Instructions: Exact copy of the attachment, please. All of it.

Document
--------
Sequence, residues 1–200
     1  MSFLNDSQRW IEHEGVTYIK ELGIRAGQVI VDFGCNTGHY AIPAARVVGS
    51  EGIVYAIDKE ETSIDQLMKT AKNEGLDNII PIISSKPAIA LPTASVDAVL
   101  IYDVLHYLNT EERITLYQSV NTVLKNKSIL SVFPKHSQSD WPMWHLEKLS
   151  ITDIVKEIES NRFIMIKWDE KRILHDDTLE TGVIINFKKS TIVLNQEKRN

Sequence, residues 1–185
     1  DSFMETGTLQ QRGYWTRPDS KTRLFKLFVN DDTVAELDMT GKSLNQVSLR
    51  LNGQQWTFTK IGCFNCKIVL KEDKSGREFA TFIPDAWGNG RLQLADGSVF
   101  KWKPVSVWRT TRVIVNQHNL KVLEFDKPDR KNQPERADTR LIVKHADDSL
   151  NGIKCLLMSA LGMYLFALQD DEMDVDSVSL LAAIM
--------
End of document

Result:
Sequence, residues 1–200
     1  MSFLNDSQRW IEHEGVTYIK ELGIRAGQVI VDFGCNTGHY AIPAARVVGS
    51  EGIVYAIDKE ETSIDQLMKT AKNEGLDNII PIISSKPAIA LPTASVDAVL
   101  IYDVLHYLNT EERITLYQSV NTVLKNKSIL SVFPKHSQSD WPMWHLEKLS
   151  ITDIVKEIES NRFIMIKWDE KRILHDDTLE TGVIINFKKS TIVLNQEKRN

Sequence, residues 1–185
     1  DSFMETGTLQ QRGYWTRPDS KTRLFKLFVN DDTVAELDMT GKSLNQVSLR
    51  LNGQQWTFTK IGCFNCKIVL KEDKSGREFA TFIPDAWGNG RLQLADGSVF
   101  KWKPVSVWRT TRVIVNQHNL KVLEFDKPDR KNQPERADTR LIVKHADDSL
   151  NGIKCLLMSA LGMYLFALQD DEMDVDSVSL LAAIM